Making Mission Work in 2021
Blue Springs is very active in mission, both close to home and in other places. Members look forward to the team experience each year and missed having it last year. This year they started planning early and with precautions.
“We had to make decisions in January about what we could do to eliminate some variables,” said NextGen Pastor Rev. Mona Candea.
They decided to keep the high school mission team in Missouri, to avoid differing state regulations around COVID-19 protocols. They also decided to work decided to work with Missouri Conference NextGen Ministries to sign up for a YouthWorks camp. They thought that would offer some assurance of compliance with safety measures, not just for COVID-19 but also for Safe Gatherings precautions.
“This is our first time to work with YouthWorks, and it’s been great,” Roskop said. “We will definitely be working with them again next year.”
They stayed at a Lutheran Church, which Candea and Roksop said was great. They appreciated the YouthWorks support.
“YouthWorks coordinated all of the logistics with rooms, meals, everything we needed,” Candea said.
There were four YouthWorks staff with the group and each had an individual responsibility of being a site director, worksite director, worship leader and other support.
The church had a smaller group this time. Four youth who were planning on attending had to not participate due to COVID-19 exposure shortly before the trip. Five high school youth participated, and four adult sponsors attended.
One of the youth from Blue Springs, Emily Stokes, had participated in mission trips with the church to Arkansas, Springfield and around Kansas City.
“I just like to serve,” she said. “It feels good to have an opportunity to help out in some way.”
It wasn’t all work. The group made it to most of the St. Louis highlights, including the City Museum, the Gateway Arch, Ted Drewes frozen custard, an escape room and Six Flags.
Most of the mission work took place at Feed My People, a food bank and thrift store in south St. Louis. The agency is about to undergo a $660,000 remodel. The organization has already raised more than $400,000 to pay for it. Karen Lanter, director of Feed My People, explained they are changing from a typical food bank to more of a grocery store model.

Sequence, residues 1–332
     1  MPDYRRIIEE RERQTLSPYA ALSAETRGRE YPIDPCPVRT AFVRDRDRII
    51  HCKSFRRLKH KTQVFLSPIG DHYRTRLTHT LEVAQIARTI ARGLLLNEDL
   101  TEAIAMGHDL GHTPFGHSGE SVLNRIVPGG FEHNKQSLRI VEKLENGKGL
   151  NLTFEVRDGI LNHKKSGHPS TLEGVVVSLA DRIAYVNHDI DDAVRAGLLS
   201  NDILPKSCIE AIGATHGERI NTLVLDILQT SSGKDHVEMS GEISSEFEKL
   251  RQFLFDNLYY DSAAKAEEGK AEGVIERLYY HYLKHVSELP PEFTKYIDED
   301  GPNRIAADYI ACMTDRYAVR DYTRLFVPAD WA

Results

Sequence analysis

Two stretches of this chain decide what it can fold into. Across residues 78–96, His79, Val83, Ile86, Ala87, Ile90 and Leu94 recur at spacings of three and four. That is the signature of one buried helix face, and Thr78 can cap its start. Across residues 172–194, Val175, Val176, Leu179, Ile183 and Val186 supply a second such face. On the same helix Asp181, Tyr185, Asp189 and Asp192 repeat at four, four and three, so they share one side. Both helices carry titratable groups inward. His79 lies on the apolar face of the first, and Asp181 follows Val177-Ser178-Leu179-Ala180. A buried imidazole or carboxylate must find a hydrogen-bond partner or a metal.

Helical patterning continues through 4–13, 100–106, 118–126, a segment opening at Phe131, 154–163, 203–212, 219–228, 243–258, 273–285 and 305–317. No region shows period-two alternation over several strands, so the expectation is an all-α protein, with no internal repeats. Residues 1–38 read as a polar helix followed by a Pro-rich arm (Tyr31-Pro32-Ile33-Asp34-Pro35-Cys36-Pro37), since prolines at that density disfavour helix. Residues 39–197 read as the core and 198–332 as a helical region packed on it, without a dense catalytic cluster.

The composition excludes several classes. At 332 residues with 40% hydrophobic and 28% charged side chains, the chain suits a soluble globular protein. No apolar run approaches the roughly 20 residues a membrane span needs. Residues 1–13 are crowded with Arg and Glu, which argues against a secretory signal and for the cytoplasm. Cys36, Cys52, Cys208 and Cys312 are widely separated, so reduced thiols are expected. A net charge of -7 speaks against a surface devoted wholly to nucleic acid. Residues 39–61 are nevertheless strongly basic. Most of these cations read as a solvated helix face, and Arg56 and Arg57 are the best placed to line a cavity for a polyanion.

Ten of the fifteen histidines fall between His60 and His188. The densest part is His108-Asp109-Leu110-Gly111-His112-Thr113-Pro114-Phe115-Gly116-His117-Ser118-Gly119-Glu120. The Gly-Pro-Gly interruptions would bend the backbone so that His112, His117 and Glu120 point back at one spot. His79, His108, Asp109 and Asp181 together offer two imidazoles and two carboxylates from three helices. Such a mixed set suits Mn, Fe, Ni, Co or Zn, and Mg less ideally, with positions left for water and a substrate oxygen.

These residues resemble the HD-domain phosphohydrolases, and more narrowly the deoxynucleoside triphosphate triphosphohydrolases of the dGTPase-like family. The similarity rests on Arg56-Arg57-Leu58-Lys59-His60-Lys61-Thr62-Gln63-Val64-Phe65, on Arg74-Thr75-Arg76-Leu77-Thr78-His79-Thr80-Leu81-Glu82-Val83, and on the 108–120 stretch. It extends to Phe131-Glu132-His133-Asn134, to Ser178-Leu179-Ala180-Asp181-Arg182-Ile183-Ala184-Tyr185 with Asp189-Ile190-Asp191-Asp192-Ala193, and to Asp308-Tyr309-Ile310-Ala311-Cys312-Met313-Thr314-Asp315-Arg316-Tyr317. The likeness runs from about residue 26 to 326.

“Giving clients a choice about the food they get leads to them making better nutritional choices at other places,” Lanter said. “Because we’re not profit-driven, our shelf placement will have high-nutrition food placed in line of sight rather than sugary snacks. We hope to help people form habits that will help their food dollars stretch further.”
The new model will include a prayer room up front in the store. The ministry also provides assistance with utility payments, gas cards and job placement. YouthWorks spent a week at Feed My People in June and three weeks in July.
Feed My People will be 40 years old next year.
Its founders are still board members. They are Lutheran, but the ministry is supported by 25 different churches. The volunteer coordinator position at the agency is funded by the Lutheran Foundation.
“They’ve been very efficient at plugging volunteers into work,” Candea said.
Feed My People has 400 volunteers on their roster, but the average age of the volunteer is 74. This year 72 volunteer groups served at the ministry in addition to the regular volunteers.
Christine Harris was along on the trip from Blue Springs. She has been part of the church for about 30 years — nearly her entire life. She’s active in mission work and is part of a mission team that goes to Costa Rica every year — except last year.
“It’s been a great week, especially after not having anything last year,” Harris said. “It’s been fun getting to know people in our group better, and other groups as well.”
Several weeks after the high school mission trip the church is taking a middle school group to Sedalia. They had originally planned on Springfield, but the town was over capacity in its hospitals due to a surge in COVID-19 so the trip was cancelled.